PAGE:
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Publication numberUS5215282 A
Publication typeGrant
Application numberUS 07/597,691
Publication dateJun 1, 1993
Filing dateOct 15, 1990
Priority dateOct 15, 1990
Fee statusPaid
Publication number07597691, 597691, US 5215282 A, US 5215282A, US-A-5215282, US5215282 A, US5215282A
InventorsPeter M. Bonutti
Original AssigneeBonutti Peter M
Export CitationBiBTeX, EndNote, RefMan
External Links: USPTO, USPTO Assignment, Espacenet
Adjustable armrest assembly
US 5215282 A
Abstract
An armrest assembly is for use with a piece of furniture and for supporting an arm of a person seated in a chair to relieve the weight of the arm on the shoulder, neck, elbow and wrist. The armrest assembly includes an armrest, means for selectively positioning the armrest vertically and/or longitudinally and/or laterally and/or pivotally in one of a plurality of positions relative to the piece of furniture, and means for fixing the armrest in a selected one of the plurality of positions. The armrest supports both the elbow and a portion of the forearm in an anatomically correct manner. The armrest is contoured and padded to contact the limb properly to minimize injury arising through long term contact. The armrest may be movable to ease ingress and egress from the chair. The armrest may be built as part of a specifically designed chair; it may be an attachment for an existing chair; or it may be an attachment for an existing table. The armrest is properly contoured to avoid any injury to the supported arms which might be caused by the long duration contact of the arms with the supports. With the arms thus properly supported, fatigue is minimized because the neck and shoulder muscles do not need to support the full weight of the arms.
Images(5)
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Claims(14)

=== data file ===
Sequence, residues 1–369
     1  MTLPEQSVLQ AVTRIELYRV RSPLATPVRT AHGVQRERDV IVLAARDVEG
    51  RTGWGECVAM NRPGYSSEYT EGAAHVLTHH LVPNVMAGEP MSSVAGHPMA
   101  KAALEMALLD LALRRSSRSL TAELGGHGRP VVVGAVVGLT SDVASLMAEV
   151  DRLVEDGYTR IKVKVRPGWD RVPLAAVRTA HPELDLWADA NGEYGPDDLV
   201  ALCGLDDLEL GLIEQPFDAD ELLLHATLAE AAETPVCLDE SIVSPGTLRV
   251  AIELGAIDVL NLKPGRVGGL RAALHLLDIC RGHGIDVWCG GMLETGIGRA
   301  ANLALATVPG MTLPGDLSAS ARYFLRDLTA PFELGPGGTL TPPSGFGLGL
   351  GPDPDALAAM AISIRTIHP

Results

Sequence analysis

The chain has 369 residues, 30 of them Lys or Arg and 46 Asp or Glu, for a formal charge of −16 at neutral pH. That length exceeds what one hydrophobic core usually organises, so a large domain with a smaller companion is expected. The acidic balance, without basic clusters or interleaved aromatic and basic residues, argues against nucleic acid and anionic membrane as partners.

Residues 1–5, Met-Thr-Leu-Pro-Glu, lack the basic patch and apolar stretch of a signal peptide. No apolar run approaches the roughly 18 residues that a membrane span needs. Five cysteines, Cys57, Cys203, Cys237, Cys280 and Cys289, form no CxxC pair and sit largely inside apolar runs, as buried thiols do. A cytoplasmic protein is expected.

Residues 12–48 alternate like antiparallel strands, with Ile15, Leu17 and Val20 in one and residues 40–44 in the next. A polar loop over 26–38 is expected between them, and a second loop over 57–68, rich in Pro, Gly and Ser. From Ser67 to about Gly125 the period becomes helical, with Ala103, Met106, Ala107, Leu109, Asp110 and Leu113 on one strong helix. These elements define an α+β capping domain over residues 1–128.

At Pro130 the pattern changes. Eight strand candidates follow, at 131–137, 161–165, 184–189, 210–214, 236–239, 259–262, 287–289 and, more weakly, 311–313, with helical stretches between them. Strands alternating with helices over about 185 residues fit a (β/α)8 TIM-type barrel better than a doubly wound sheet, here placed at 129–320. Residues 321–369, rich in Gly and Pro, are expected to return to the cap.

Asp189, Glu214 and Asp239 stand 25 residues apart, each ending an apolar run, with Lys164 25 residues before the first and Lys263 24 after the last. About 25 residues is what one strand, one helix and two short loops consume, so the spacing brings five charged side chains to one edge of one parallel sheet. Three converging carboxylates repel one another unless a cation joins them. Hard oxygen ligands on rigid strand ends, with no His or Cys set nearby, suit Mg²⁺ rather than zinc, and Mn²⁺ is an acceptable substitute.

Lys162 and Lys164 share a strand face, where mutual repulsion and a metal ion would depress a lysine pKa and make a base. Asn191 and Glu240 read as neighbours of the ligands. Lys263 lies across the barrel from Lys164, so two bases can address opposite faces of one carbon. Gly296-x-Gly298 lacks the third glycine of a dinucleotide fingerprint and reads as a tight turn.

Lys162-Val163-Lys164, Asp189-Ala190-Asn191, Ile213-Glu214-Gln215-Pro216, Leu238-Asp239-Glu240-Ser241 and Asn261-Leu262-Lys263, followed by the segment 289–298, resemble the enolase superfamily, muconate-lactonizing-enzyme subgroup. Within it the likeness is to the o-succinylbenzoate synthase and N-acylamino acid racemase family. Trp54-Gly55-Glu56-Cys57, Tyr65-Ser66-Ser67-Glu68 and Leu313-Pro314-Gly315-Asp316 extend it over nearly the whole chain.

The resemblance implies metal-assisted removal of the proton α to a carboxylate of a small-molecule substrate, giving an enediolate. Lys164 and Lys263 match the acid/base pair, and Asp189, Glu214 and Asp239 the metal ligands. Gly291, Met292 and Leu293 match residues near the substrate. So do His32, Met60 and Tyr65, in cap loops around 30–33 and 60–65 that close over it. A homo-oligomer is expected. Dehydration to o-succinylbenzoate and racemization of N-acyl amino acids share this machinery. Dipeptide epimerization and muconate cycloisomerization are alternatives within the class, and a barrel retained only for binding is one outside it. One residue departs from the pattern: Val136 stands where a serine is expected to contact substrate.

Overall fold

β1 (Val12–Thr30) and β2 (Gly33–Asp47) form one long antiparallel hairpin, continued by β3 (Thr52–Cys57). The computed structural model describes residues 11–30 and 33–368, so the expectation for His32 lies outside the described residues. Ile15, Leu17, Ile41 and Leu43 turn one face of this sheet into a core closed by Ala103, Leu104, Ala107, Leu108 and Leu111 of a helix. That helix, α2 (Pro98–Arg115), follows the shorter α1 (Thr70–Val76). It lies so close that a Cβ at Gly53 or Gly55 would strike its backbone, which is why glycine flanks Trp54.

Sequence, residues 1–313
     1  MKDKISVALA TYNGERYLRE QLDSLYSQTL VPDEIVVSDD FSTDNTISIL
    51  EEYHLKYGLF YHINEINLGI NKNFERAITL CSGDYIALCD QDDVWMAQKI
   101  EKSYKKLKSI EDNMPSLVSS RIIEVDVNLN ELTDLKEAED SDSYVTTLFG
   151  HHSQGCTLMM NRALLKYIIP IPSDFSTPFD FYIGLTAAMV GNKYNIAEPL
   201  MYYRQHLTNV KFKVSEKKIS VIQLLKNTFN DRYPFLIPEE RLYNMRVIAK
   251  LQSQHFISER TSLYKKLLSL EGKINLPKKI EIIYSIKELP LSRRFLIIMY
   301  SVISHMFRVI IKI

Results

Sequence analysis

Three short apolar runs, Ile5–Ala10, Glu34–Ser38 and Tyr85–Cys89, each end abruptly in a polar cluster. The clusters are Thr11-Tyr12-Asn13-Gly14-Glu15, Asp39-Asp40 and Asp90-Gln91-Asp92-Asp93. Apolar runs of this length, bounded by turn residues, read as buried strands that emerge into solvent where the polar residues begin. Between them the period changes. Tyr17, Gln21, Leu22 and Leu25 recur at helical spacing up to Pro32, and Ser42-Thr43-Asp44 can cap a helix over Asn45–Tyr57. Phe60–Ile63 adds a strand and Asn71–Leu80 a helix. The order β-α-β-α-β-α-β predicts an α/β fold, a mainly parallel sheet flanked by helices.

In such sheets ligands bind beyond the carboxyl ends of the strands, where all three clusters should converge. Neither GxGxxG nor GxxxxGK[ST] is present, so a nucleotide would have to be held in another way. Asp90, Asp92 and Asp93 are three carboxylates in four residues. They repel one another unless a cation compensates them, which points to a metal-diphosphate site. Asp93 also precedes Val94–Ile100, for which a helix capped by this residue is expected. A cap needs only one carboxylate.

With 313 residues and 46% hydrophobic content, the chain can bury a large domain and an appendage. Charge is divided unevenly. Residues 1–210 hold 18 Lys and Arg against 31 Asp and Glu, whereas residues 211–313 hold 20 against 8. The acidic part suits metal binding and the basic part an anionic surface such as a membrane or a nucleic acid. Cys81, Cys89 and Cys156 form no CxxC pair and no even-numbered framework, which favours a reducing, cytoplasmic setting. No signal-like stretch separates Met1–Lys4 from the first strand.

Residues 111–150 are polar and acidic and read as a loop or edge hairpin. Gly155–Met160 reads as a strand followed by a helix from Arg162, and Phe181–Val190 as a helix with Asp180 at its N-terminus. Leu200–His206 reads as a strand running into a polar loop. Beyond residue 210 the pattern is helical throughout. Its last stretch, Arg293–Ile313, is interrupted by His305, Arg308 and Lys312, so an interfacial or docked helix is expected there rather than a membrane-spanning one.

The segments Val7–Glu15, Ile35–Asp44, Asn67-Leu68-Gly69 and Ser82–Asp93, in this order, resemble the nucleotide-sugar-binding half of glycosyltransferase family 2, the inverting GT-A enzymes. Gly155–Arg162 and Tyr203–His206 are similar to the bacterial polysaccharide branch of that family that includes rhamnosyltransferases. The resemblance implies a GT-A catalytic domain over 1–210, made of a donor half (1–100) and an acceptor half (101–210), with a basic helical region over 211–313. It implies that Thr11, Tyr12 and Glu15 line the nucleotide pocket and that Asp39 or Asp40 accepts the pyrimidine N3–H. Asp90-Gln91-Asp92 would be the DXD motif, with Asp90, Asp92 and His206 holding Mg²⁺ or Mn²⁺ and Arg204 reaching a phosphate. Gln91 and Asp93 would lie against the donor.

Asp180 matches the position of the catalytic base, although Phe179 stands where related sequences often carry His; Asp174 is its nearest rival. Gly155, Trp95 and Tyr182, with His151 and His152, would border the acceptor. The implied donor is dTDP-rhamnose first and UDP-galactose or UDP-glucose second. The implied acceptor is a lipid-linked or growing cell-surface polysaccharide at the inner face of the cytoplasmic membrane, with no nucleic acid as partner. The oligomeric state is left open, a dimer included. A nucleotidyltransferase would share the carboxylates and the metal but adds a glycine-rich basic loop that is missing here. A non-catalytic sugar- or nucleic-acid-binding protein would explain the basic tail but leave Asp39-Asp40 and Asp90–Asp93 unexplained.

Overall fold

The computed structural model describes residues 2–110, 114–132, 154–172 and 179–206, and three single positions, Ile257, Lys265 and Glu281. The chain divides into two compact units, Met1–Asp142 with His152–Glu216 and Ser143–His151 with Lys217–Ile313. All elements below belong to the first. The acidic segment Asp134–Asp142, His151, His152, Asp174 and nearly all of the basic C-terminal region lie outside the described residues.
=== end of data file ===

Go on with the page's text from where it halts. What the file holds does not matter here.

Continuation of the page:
I claim:
1. In an apparatus including (i) a desk having a front edge and a working surface, (ii) an armrest for supporting the arm of a person working at the desk, and (iii) separate support means connected between the armrest and the desk for supporting the armrest near the desk for movement between a plurality of positions relative to the desk;
the improvement wherein said support means supports the armrest for movement between a first position underneath the desk and a second position not underneath the desk for supporting the arm of a person working at the desk;
said support means including first and second relatively slidable members, said first relatively slidable member being connected with the armrest and being movable with the armrest when the armrest moves between its first position underneath the desk and its second position not underneath the desk, said second relatively slidable member being fixed to the desk, the armrest thereby sliding from its first position underneath the desk into its second position not underneath the desk upon relative sliding movement of said first and second relatively slidable members.
2. An apparatus as set forth in claim 1 wherein the first relatively slidable member is a rail attached to the armrest and the second relatively slidable member is a track attached to the desk, the rail riding along the track when the armrest is moved between its first position underneath the desk and its second position not underneath the desk.
3. An apparatus as set forth in claim 2 wherein the rail is attached to a support bracket connected with the armrest and the track is attached to an undersurface of the desk, the support bracket moving from a working position adjacent the front edge of the desk when the armrest is in its second position not underneath the desk and a storage position spaced back from the front edge of the desk when the armrest is in its first position underneath the desk.
4. An apparatus as set forth in claim 1 wherein said support means includes a support arm member connected between said armrest and said desk and a pivotal adjuster interconnecting said armrest and said support arm member, said pivotal adjuster supporting said armrest on said support arm member for movement about said pivotal adjuster relative to said support arm member between a working orientation for supporting the arm of a person working at the desk when said armrest is in its second position not underneath the desk, and a storage orientation different from said working orientation when said armrest is in its first position underneath the desk.